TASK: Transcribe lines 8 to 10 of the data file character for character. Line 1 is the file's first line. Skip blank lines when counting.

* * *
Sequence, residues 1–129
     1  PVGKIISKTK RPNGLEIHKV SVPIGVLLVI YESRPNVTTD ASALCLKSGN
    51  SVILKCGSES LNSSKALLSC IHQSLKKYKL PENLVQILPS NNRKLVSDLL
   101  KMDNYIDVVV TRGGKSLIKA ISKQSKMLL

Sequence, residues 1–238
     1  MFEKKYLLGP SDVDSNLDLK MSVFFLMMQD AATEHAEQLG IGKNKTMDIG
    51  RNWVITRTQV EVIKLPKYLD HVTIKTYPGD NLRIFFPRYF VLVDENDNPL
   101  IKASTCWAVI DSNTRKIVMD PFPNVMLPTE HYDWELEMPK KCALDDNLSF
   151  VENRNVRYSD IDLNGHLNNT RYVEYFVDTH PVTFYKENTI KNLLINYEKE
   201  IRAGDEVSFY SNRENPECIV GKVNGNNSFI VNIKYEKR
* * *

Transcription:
   101  IKASTCWAVI DSNTRKIVMD PFPNVMLPTE HYDWELEMPK KCALDDNLSF
   151  VENRNVRYSD IDLNGHLNNT RYVEYFVDTH PVTFYKENTI KNLLINYEKE
   201  IRAGDEVSFY SNRENPECIV GKVNGNNSFI VNIKYEKR